Blow ups aside, Hellmuth is playing great this WSOP and has a 2nd chance this series at bracelet number 12, with just 18 left in the $10k Stud-8 Event.
I have to say that I’m impressed that yesterday saw three different events award bracelets. I expected more than one of the events to be impacted by the hard stop, but the players played more loosely than I gave them credit for and we finished out the tournaments that were scheduled to be done. So with that, there will only be 4 tournaments in action today, which marks the smallest number of tourney’s in action at the Rio since…well… I think day 1. That should make it easy to view all the action in place, what with, you know, only having to be 4 places at once instead of 6.
Firstly I have to get the congratulatory paragraphs out to the newest jewelry recipients from yesterday. Read more…
Categories: Blog Post Adam Levy, Ali Eslami, Amanda Baker, Boosted J, Chris Lee, Cyndy Violette, David Benyamine, Erik Seidel, James Carroll, James Hess, Joe Tehan, John Racener, Jon Turner, Josh Brikis, Justin Smith, November 9, Phil Hellmuth, Phil Laak, Sam Stein, Ted Forest, WSOP
Once known as the first bubble of the November 9, Dean Hamrick wins a World Series of Poker bracelet in 2010
In 2008, the World Series of Poker introduced a concept that was new to the poker community called “The November 9.” The WSOP Main Event was stopped when play reached the final table in July, and would resume play in November, offering the WSOP the chance to market the 9 players who made it through to the final table, provide for better TV ratings, and let the players secure deals and sponsorships for the big event. It was common practice by the time that they did it this year, but in 2008 the process was brand new, and nobody really knew if it was going to be a good idea or a bad idea, and what it would really mean for the players. So when the play wore down to just 10 remaining players at one table at the 2008 Main Event, the goal wasn’t “just make the November 9.” The goal was “put myself in a position to win the event.”
With that in mind, Dean Hamrick opened a pot by moving all in for his last 3.2 million chips, and Craig Marquis moved in over the top of him. When the cards were turned up, it was As-Jc for Hamrick, and Qh-Qc for Marquis. Read more…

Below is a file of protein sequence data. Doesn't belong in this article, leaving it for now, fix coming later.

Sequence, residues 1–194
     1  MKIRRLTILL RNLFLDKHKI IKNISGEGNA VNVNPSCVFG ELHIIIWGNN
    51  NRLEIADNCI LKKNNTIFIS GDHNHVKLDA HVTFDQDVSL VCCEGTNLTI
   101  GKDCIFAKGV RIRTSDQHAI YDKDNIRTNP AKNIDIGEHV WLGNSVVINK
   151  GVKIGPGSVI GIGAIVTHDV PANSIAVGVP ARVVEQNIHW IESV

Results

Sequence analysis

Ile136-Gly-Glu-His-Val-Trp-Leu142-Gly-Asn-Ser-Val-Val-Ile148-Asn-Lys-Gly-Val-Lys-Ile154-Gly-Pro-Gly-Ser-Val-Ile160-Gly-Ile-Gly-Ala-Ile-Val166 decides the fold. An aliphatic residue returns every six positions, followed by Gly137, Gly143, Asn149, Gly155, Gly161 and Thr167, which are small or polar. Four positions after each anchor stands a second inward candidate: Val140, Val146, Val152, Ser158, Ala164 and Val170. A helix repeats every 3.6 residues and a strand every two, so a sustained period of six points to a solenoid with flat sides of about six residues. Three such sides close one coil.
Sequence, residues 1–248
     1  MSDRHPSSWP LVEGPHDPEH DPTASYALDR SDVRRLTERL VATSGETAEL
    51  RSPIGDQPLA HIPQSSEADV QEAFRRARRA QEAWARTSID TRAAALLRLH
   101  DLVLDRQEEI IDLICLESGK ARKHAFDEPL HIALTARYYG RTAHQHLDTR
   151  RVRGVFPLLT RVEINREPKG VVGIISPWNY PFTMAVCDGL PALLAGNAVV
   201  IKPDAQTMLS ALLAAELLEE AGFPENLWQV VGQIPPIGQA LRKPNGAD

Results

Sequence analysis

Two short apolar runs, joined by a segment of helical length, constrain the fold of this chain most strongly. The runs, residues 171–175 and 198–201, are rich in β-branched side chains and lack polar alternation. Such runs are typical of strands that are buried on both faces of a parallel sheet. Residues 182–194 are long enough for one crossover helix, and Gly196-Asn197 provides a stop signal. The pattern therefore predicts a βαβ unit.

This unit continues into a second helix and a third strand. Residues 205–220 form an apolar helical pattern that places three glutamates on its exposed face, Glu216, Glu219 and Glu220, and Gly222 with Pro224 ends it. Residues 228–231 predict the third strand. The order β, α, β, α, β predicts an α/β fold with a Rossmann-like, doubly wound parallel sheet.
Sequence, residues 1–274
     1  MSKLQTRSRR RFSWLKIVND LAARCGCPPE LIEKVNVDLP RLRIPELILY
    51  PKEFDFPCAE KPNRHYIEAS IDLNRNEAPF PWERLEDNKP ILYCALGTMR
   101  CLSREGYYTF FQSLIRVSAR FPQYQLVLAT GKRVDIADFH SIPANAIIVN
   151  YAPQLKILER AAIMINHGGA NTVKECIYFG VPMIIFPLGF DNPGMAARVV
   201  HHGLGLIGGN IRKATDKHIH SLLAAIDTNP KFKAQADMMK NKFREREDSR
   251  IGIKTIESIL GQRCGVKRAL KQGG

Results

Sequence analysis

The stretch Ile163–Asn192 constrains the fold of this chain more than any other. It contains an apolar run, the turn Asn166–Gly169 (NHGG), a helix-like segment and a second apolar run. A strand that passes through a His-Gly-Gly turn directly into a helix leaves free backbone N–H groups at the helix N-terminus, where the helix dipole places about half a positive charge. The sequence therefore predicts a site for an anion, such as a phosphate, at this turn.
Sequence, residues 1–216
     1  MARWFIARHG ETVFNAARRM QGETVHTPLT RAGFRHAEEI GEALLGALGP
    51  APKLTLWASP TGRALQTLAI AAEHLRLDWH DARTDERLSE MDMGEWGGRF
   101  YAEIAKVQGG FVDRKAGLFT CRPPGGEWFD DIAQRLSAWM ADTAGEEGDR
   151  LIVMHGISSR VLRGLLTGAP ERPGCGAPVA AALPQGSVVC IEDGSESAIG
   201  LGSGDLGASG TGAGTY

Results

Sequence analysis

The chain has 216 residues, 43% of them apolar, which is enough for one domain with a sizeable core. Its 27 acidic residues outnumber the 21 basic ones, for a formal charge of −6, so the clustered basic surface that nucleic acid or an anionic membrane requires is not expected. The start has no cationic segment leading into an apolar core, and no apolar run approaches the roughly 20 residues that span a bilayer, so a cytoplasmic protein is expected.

Johnny Chan made us all think that he could do it again at this year's WSOP Main Event
There are very few names in the poker industry that are referred to with the same sense of awe as Johnny Chan. For nearly 30 years, Chan has been throwing cards around poker tables all over the globe, and stacking the chips of other poker players that have left with their wallets empty because they played with the poker icon. Bob Stupak once coined the nickname “The Orient Express” after Chan won the 1981 American Cup poker tournament, getting through the final table of the tournament in under an hour. The name just stuck and the train has been cruising along the tracks ever since. Chan was the last player to win back to back WSOP Main Event titles (in 1987 and 1988), a feat which is very likely never going to be replicated given the size of today’s fields. It’s also incredible that in 1989, he finished runner up in the Main Event to Phil Hellmuth. But the 10 time bracelet winner was immortalized in the movie “Rounders” where Mike McDermott watched the tape of Chan slow play a monster versus Erik Seidel en route to winning his second Main Event title.
Last year I had Andew Feldman of ESPN on our show (the TPT Live Show) to talk about the play at the final table after the November 9. As part of our discussion, we discussed if there was another player that would have the impact on the game of poker that Phil Ivey had in making the November 9. I somewhat jokingly said “Can you imagine if Johnny Chan was a November Niner? In fact, I think that Johnny Chan will make the final table again.” This year, he made me believe that it was not only possible, but likely. This made his 2010 Main Event story one of the best of the year. Read more…